He said never before has his family been as worried about his safety at work.
"My son and daughter are not at ease. They keep asking questions and want to understand how dangerous coronavirus really is," Mudariki said, adding that his family has remained a strong pillar of support.
A medical worker of a test station takes samples of a woman for COVID-19 infection test in Johannesburg, South Africa, on April 3(XINHUA)
After reporting its first case on March 20, Zimbabwe has recorded 31 cases to date. The government has extended the country's lockdown by a further two weeks to May 3.
With the virus not sparing anyone in its path, Mudariki knows the importance of medical workers being properly equipped when tending to patients.
"It is a hot zone that we are working in and it requires a meticulous process, from donning, doffing, to testing patients. The process needs to be thorough to make sure you do not carry the virus to other patients or workmates," said Mudariki.
Nurses are also exposed to these risks. Among them is Cynthia Shatei, leader of the Zimbabwe Young Nurses' Association.
Medical workers take care of COVID-19 patients at a hospital in Barcelona, Spain, on April 7 (XINHUA)
"We value the sanctity of human life, but at times we fear for our dear life because the monster (COVID-19) is real. We believe that nursing is a calling, so we had to step in as nurses," she told the state-run Sunday Mail newspaper.
Shatei said her efforts against the virus were motivated by patriotism, while the disease needs to be confronted head-on for the common good.
Medical staff have made important contributions to curbing the pandemic and they are "the most beautiful angels" and "messengers of light and hope," said Chinese President Xi Jinping, while inspecting the command center of Huoshenshan Hospital in Wuhan, the once hardest-hit central Chinese city.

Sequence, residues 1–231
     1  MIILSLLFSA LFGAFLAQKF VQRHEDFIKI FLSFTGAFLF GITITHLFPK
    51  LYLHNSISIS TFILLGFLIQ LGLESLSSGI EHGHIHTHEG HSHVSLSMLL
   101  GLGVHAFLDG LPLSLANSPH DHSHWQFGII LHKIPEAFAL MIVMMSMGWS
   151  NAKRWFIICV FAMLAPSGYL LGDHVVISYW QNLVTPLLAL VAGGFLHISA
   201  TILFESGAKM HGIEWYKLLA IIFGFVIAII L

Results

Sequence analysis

At a media briefing on COVID-19 earlier this month, Tedros Adhanom Ghebreyesus, the Director-General of the World Health Organization (WHO), called nurses and midwives "the backbone of every health system" and asked everyone to protect themselves.
As coronavirus infections surged across Ethiopia and the African continent, a 12-member Chinese medical team arrived in Ethiopia's capital of Addis Ababa on April 23, bringing with it urgent medical supplies, including protective equipment and traditional Chinese medicine.
Noting that Africa is experiencing an upward trend in new cases, Zeng Zhiyong, a team member who specializes in infection control, said that "now is the moment to effectively contain the spread of the virus before its further spread."
Africa registered a 43-percent jump in reported cases last week, highlighting a warning from the WHO that the continent of 1.3 billion could become the next epicenter of the global pandemic.
The team will share its experiences and give local hospitals advice on coronavirus prevention and control, said Zeng, who is also head of the infection control department at the West China Hospital of Sichuan University.
"The highly trained experts and professionals who have been active in COVID-19 response in China and with frontline experience came here along with support from the Chinese government," said Ethiopian Minister of Health Lia Tadesse.
Guided by the vision of building a community with a shared future for mankind, China has been more than ready to share its good practices and provide assistance in its capacity to countries hit by the pandemic, Xi said at the Extraordinary G20 Leaders' Summit in March.
China is continuing to provide supplies to 127 countries and four international organizations, and has sent expert teams to 15 countries, Ma Xiaowei, minister in charge of the National Health Commission, said last week.
"It is a precious gesture of brotherhood and togetherness demonstrated by the Chinese Government in general and the 12 medical professionals in particular," said Mahlet Dinku, an Ethiopian medical science student.
According to China's National Health Commission, there are some 1,000 Chinese medical personnel working in Africa, tasked with helping local health organizations contain the coronavirus.
The frontline medical workers have taken on the most arduous missions and they are "the most admirable people in the new era" who deserve the highest commendations, Xi said.